Writing is a lonely business.
A thick outer skin must be ordered – I believe they are available online – and worn so the writer doesn’t disappear into a tightly wrapped ball of fibres, which can later unravel into the distance hauling away what little snippets of self-confidence have been painstakingly garnered through the occasional success.
Pitching brilliant ideas to magazines is a thankless task often shot down by breathtaking silence from editors. We shake our phone, switch our computer on and off, in the vain hope the longed for acceptance and promise of small monetary gain has merely disappeared into that great universe called the ether. But no, the phone is working, so too the computer – every email from that online site from which you so rashly bought two years ago is managing to escape the junk box.
For those of us trying our hands at longer pieces – a book for instance – rejection from literary agents becomes a way of life and we really do grow an extra epidermis. We nod and smile wanly when our well-meaning friends trot out J K Rowling, again.
In need of moral support recently, I wasted hours but eventually came across a wonderful piece which cheered me no end. Did you know, for instance, that Agatha Christie had five years of rejection? The Da Vinci Code, two years. Fireburn, my manuscript is not a thriller, but I found the following critique of John le Carré’s The Spy Who Came in From the Cold of utmost comfort, “He hasn’t got any future.” Mary Higgins Clark, J G Ballard, Stephen King and many other now respected authors have received numerous dismissals. And whilst I don’t put myself in their elevated ranks, their perseverance and self-belief does provide an inkling of hope.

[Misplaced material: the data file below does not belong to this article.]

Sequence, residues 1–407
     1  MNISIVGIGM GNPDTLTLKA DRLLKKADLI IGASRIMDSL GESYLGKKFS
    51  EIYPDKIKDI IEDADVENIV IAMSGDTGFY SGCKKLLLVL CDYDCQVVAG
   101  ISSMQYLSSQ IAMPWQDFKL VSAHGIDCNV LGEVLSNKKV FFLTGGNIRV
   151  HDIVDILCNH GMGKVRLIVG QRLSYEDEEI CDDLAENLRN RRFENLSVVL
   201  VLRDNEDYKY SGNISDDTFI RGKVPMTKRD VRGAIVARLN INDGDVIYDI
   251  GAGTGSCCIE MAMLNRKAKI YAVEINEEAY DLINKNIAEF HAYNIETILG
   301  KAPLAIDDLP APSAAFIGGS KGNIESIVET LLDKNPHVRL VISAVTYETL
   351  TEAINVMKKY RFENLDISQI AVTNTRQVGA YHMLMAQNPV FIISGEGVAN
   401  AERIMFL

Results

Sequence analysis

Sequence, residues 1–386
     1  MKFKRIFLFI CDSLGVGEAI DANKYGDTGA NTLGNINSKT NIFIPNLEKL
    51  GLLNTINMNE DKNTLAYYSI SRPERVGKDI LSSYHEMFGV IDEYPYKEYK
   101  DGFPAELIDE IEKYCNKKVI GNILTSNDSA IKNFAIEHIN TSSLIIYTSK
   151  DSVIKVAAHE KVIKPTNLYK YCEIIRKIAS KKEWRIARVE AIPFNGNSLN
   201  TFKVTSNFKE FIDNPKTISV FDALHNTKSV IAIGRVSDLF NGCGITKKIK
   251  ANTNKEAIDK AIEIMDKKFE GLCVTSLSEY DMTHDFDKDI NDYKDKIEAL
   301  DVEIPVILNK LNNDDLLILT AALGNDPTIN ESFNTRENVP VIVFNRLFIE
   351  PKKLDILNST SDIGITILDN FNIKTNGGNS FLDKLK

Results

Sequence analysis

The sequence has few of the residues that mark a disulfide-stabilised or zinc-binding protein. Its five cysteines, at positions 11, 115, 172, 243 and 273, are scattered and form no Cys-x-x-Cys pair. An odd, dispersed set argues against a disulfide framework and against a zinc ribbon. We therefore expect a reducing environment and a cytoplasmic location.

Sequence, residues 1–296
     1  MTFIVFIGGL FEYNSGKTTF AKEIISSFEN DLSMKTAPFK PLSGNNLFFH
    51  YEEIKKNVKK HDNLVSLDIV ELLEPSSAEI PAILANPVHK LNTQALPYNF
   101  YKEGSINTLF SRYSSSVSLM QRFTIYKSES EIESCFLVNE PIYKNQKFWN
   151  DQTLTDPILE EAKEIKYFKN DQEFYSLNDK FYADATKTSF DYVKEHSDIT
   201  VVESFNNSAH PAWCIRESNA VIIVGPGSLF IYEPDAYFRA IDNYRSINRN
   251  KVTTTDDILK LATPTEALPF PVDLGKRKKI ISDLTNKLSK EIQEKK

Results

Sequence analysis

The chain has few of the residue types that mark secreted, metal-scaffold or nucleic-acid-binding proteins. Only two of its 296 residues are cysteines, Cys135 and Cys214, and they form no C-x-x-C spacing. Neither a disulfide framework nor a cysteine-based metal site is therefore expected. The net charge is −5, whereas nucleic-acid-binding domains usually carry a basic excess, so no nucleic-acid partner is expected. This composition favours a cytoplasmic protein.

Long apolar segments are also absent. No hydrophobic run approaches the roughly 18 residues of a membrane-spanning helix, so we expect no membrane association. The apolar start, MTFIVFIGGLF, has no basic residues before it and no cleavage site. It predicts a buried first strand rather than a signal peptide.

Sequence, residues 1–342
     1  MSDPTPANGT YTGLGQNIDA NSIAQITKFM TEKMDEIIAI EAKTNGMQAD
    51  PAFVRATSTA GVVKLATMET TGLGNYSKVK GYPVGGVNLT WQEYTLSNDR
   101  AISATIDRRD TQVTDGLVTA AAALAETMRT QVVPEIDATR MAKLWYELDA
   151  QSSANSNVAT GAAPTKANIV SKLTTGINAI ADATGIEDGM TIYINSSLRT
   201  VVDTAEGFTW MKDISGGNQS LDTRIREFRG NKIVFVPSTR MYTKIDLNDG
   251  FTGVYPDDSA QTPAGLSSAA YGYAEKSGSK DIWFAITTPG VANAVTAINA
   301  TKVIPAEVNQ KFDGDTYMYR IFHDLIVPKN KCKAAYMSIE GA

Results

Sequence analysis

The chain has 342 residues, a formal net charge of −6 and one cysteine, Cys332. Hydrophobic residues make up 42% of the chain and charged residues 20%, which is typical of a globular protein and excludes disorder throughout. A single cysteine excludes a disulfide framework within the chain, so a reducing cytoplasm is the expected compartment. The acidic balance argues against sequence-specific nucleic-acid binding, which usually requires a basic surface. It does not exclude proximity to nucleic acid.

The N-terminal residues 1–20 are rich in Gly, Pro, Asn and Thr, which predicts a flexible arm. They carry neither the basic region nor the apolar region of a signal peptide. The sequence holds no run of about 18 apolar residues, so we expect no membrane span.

Why do I need hope? Well, I almost blew it. Only time will tell. An email arrived from a relatively new, small press chosen because it was young and, I hoped, hungry. Keen to make a name. Eager to do the best for both me and themselves. I read those magic words – we want more. And then seven – count them – seven days later another email appeared saying they were interested. A flurry of further communication, culminating in a phone call, and then, and then, the moment when the contract lands with a ping.
The cork is popped. Texts to loyal readers of both early and later versions of my book, three years in the making, are sent with exultant responses of the ‘told you so’ type. And then, and then, you actually open the contractual attachment and the fizz goes flat.
Having been verbally assured of the stringency of editing – both content and copy – you find the contract is full of typos and inconsistencies. A cobbled together document, which would ensure any lawyer worth his fee slit his throat rather than let out it the door.
The bubbles have truly fizzled. And those little inconsistencies tamped down during the phone call merge to create a cacophonous roar. You have been seduced.
No, let’s be honest! I was seduced. Seduced by the thought of a publisher who promised marketing to all and sundry – here and abroad. Foreign rights – no problem. Film rights – of course. I was already sashaying along the red carpet – a yellow dress, I thought – as actors clamored to praise the role I had written for them.
The harsh hand of reality grabbed my throat on the seventh or eighth reading of the contract. How could I sign with a company who didn’t care about their own words, let alone mine? So yesterday I wrote thanking them for their interest and time, and closed that portal.
Now, I shall pull on my newly-bought skin and head back to the computer screen to scroll through pages of literary agents and publishers.
There must be one out there who might be interested in a book called Fireburn!